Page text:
In this blog post we describe how to tell a Kafka Streams application to reprocess its input data from scratch. This is actually a very common situation when you are implementing stream processing applications in practice, and it might be required for a number of reasons, including but not limited to: during development and testing, when addressing bugs in production, when doing A/B testing of algorithms and campaigns, when giving demos to customers or internal stakeholders, and so on.

The quick answer is you can do this either manually (cumbersome and error-prone) or you can use the new application reset tool for Kafka Streams, which is an easy-to-use solution for the problem. The application reset tool is available starting with upcoming Confluent Platform 3.0.1 and Apache Kafka 0.10.0.1.

In the first part of this post we explain how to use the new application reset tool. In the second part we discuss what is required for a proper (manual) reset of a Kafka Streams application. This parts includes a deep dive into relevant Kafka Streams internals, namely internal topics, operator state, and offset commits. As you will see, these details make manually resetting an application a bit complex, hence the motivation to create an easy to use application reset tool.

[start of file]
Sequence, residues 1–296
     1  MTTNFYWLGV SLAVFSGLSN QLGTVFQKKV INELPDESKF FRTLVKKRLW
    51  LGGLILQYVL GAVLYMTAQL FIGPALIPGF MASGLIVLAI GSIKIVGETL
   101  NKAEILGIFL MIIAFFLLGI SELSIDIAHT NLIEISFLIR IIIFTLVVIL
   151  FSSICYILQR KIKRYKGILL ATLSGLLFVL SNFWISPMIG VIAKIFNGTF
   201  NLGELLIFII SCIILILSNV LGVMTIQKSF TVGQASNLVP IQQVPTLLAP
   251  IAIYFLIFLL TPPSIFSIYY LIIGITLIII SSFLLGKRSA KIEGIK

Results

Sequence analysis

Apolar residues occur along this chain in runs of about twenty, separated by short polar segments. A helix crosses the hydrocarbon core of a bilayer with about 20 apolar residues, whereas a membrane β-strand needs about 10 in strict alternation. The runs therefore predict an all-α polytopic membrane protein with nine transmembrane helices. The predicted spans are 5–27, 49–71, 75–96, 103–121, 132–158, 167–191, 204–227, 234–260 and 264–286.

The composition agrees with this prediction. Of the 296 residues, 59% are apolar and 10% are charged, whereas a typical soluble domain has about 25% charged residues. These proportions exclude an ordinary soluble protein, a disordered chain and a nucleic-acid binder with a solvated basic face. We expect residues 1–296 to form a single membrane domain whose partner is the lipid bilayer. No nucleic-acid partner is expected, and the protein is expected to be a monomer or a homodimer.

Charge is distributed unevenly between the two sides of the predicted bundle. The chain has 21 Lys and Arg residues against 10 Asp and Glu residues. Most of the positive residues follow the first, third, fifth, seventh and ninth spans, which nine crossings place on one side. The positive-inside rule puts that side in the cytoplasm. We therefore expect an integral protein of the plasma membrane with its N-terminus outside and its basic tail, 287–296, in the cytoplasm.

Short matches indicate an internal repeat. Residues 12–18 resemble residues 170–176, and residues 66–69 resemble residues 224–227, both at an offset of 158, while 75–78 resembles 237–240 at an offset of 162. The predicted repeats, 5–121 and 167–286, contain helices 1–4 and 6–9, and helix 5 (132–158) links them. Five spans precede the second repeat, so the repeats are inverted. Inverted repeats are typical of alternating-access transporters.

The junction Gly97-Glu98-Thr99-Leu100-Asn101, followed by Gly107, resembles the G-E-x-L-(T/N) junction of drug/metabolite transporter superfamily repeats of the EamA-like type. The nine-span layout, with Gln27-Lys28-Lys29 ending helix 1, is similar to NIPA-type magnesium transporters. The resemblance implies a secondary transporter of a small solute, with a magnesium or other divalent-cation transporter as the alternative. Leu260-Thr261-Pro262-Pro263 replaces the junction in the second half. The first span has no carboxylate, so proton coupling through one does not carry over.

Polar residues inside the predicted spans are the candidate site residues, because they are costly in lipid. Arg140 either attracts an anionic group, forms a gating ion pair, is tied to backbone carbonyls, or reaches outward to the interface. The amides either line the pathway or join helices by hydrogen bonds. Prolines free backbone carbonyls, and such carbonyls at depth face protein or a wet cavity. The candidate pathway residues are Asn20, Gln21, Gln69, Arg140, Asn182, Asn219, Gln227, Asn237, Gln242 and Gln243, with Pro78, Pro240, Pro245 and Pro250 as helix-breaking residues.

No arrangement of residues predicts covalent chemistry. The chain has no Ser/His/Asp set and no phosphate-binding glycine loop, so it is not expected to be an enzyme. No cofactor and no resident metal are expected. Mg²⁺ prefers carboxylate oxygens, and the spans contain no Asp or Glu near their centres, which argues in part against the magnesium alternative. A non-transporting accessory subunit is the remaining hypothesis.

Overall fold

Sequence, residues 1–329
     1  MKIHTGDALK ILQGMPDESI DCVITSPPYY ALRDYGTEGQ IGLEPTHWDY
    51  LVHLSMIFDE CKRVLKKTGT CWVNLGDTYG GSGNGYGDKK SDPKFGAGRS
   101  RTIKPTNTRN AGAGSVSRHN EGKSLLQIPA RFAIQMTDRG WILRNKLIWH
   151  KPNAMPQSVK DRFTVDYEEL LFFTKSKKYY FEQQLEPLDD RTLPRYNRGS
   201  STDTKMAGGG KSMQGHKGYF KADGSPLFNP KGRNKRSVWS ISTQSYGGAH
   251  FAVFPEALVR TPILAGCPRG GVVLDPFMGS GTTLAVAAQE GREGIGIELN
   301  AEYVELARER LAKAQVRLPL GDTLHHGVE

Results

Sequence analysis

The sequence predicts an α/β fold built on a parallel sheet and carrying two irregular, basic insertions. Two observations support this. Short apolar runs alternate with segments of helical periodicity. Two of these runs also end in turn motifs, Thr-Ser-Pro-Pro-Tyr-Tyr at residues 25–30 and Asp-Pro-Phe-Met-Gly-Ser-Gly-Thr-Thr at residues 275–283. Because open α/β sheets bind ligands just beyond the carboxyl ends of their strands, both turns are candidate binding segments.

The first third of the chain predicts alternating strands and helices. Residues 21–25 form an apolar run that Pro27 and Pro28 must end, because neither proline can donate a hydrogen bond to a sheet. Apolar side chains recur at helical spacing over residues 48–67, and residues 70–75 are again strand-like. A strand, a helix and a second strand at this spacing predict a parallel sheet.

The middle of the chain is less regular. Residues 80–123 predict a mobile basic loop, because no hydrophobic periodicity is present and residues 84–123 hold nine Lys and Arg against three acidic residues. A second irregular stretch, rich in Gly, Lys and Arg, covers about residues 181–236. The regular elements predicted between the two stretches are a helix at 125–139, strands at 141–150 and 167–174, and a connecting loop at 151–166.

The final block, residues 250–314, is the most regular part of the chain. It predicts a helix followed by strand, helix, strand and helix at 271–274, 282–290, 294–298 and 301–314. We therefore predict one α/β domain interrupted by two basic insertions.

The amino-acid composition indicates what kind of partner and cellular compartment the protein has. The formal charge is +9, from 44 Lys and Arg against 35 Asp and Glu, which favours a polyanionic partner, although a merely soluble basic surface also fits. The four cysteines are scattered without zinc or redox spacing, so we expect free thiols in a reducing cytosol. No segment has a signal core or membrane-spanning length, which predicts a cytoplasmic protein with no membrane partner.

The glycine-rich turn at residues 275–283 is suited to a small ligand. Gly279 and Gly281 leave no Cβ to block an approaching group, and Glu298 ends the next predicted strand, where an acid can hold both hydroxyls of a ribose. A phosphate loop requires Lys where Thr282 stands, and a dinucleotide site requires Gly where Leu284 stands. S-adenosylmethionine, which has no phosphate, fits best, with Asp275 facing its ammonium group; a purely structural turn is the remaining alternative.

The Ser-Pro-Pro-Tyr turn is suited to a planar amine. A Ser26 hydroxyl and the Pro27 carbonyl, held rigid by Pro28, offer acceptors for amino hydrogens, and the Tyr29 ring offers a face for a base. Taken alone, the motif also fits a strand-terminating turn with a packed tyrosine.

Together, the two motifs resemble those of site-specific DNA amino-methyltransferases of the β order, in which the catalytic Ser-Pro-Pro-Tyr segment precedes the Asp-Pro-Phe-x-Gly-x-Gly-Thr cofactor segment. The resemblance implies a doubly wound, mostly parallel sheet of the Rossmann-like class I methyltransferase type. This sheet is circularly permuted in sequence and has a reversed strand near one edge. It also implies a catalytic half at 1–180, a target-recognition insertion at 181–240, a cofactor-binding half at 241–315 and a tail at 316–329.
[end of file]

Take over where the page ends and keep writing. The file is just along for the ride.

Being able to reprocess streams is a critical part of the Kappa architecture, and this article is a nice overview of how to do that if you’re using Kafka Streams.

Comments closed

Hadoop: DAS Or NAS?

Jagdish Mirani asks whether you should prefer Direct Attached Storage (DAS) or Network Attached Storage (NAS) for your Hadoop cluster:

If you want to spin up an Apache Hadoop cluster, you need to grapple with the question of how to attach your disks. Historically, this decision has favored direct attached storage (DAS). This approach is in keeping with the fundamental Hadoop principle of moving processing to a where the data lives, thereby taking advantage of disk locality to optimize performance. Disk locality is so core to Hadoop that virtually any description of Hadoop starts with this.

The alternative is to use network attached storage (NAS). In contrast to DAS, NAS separates the compute and storage layers so that storage can be shared across a number of servers by shipping data over the network. Historically, this heavy dependence on the network made NAS an order of magnitude slower. Remember, the state of the art was 1GbE networks, and switches were slower and more expensive. I/O requirements for demanding Hadoop-based applications could only be met by DAS.

This is a very interesting discussion.  In my limited experience, I’ve had trouble selling operations teams on DAS, given the increased ops effort required to keep a bunch of attached disks going.  Hat tip Ari Amster.

Comments closed